dineshsuthar92
1 week ago

Importance of composer.lock in git / version control system

Posted 1 week ago by dineshsuthar92

Since Composer is a dependency manager in PHP and its frameworks like Laravel, we know every dependency is managed in the composer.json file of the project, but do you know there is one more important file which handles the dependency more finely.

It is a composer.lock file.

What is composer.lock ?

The file composer.lock maintains dependency in more depth i.e it points to the actual commit of the version of the package we include in our software.

Let’s take an example and understand.

composer.json

{
"require":{
            "laravel/framework": "5.8.*",
          }
}

Here, Suppose a lead developer is telling the composer to install laravel 5.8 with whatever latest minor version, for example 37 that is, the composer will install laravel 5.8.37 locally on the lead developer’s machine. At the same time a composer.lock file will be generated sometime like this:

Composer.lock

...
{
            "name": "laravel/framework",
            "version": "v5.8.37",
            "source": {
                "type": "git",
                "url": "https://github.com/laravel/framework.git",
                "reference": "ce08aaee3a0b8bb58b459b2decf7f25ba7b10fa4"
            },
            "dist": {
                "type": "zip",
                "url": "https://api.github.com/repos/laravel/framework/zipball/ce08aaee3a0b8bb58b459b2decf7f25ba7b10fa4",
                "reference": "ce08aaee3a0b8bb58b459b2decf7f25ba7b10fa4",
                "shasum": ""
            },

...

Second part would be more interesting when this lead developer commits only composer.json but not composer.lock. Now when a junior developer clones the repository, it will contain obviously composer.json only and meanwhile there is another stable minor version comes suppose v5.8.40 in laravel main repository, so as soon as junior developer runs composer install / composer update command, the composer will read composer.json file and install Laravel v5.8.40 and generates the composer.lock locally.

In core essence, there might be many differences in code between laravel v5.8.37 and v5.8.40 though no breaking changes but it obviously defies the concept of version control system because Lead developer working on laravel v5.8.37 while junior developer working on laravel v5.8.40.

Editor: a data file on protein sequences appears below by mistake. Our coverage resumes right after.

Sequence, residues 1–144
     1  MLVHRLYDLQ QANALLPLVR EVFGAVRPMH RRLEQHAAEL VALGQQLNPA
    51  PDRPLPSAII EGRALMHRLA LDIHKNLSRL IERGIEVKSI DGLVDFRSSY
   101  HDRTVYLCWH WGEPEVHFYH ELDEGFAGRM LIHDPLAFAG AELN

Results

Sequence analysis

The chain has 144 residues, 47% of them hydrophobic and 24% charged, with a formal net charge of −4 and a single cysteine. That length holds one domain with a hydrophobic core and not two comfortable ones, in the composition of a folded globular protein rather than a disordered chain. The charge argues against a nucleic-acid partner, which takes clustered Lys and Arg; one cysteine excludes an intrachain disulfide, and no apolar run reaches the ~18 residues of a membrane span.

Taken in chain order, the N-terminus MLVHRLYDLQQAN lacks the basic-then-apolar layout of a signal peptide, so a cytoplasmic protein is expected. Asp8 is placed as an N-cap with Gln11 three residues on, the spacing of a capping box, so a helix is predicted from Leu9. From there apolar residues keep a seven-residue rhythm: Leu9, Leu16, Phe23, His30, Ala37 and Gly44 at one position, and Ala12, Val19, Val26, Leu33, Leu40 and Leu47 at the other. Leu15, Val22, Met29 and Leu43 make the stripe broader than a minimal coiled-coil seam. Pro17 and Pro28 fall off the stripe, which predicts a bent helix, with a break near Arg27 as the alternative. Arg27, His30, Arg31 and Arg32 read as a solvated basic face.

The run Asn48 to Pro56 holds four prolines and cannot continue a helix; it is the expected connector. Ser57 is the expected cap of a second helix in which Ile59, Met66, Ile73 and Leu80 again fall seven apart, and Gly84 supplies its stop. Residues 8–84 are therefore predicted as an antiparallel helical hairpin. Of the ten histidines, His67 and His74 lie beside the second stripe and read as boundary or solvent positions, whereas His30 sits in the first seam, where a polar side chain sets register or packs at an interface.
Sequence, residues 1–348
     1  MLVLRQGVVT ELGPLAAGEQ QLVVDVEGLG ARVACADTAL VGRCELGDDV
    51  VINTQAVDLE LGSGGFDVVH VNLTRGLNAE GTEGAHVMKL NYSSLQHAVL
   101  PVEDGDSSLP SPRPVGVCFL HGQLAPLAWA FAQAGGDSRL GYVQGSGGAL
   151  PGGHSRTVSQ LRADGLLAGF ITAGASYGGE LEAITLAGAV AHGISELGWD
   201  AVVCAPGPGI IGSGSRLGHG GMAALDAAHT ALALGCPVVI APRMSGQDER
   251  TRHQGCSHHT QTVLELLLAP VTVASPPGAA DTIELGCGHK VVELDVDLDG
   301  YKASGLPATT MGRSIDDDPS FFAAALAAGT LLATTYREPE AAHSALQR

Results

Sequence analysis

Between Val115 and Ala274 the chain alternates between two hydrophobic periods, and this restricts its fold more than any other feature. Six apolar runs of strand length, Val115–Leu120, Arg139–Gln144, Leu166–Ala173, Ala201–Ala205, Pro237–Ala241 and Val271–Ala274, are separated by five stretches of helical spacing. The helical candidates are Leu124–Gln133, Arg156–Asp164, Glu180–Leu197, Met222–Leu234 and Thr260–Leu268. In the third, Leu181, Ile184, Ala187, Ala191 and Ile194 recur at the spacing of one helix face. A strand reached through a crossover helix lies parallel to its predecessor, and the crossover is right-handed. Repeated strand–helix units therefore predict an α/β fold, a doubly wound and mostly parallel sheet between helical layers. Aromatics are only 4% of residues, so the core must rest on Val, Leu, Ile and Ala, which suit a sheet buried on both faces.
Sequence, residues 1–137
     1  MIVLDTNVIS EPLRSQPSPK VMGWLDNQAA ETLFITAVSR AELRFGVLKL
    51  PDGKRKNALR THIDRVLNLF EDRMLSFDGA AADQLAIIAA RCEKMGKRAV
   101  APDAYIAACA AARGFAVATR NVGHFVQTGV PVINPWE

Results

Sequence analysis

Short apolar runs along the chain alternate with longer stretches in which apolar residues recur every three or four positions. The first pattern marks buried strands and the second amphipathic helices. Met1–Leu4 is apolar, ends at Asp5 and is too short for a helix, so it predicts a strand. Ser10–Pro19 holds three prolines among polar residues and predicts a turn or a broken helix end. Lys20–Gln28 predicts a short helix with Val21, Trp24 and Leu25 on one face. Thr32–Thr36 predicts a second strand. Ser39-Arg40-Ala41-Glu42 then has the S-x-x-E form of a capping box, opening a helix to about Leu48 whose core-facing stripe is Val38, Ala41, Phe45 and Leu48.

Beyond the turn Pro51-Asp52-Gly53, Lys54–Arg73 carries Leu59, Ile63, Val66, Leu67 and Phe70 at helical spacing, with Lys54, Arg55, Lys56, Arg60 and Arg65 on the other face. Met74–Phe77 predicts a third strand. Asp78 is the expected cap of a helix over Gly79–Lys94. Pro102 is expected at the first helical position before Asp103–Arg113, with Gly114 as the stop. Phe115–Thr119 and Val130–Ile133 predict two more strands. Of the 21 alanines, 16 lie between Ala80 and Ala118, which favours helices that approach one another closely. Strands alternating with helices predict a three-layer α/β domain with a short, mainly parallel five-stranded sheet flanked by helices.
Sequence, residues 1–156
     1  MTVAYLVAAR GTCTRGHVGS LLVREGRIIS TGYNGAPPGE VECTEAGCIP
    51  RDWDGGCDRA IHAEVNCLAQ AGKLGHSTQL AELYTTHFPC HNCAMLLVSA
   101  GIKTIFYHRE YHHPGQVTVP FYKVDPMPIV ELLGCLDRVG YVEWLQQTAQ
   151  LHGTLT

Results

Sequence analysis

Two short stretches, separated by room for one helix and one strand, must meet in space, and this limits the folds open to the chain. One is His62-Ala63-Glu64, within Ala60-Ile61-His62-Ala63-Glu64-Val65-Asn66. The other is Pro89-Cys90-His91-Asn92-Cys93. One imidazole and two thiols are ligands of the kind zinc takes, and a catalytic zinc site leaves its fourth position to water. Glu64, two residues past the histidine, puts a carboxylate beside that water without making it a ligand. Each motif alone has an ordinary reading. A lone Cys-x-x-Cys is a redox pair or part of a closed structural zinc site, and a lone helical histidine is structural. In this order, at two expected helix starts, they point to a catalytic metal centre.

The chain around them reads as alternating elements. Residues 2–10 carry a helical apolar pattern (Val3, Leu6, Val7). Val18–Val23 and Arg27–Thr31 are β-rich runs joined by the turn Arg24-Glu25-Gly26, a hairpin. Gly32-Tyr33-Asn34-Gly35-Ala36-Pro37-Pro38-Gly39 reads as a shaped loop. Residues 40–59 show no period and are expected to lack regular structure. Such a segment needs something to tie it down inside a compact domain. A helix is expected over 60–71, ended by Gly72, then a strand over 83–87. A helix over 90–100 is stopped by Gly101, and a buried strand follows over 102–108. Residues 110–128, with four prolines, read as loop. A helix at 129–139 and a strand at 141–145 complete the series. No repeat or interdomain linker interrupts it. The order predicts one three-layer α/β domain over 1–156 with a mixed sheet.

So if none of them commits and pushes the composer.lock there may be catastrophic conflicts on both side in future.

Why should we commit composer.lock as well ?

That’s because a locally installed composer will give first preference to composer.lock file over composer.json.

If lock file is not available in vcs the composer will point to composer.json file to install latest dependencies or versions.

The lock file actually points to the commit reference to download code so that originating code and target code remains the same if working in teams. Here you can see composer.lock refers to the actual commit id ce08aaee3a0b8bb58b459b2decf7f25ba7b10fa4 to download laravel v.5.8.*.

So when lead developer commits this file to the version control system, junior developers would also automatically be using the same code base as the lead developer.

That’s the power of composer.lock, to prevent conflicts among the teams.

Pro tip

If your are at the receiving end, i.e at junior level developer in a team, always use composer install instead composer update because composer install will only install dependencies as per the originating end i.e Lead developer and no modifications will be done in composer.lock file.

Just ask your lead developer if you are having issue in composer install command and tempted to use composer update command just because some random answer on stackoverflow suggests to do so.

Original article here

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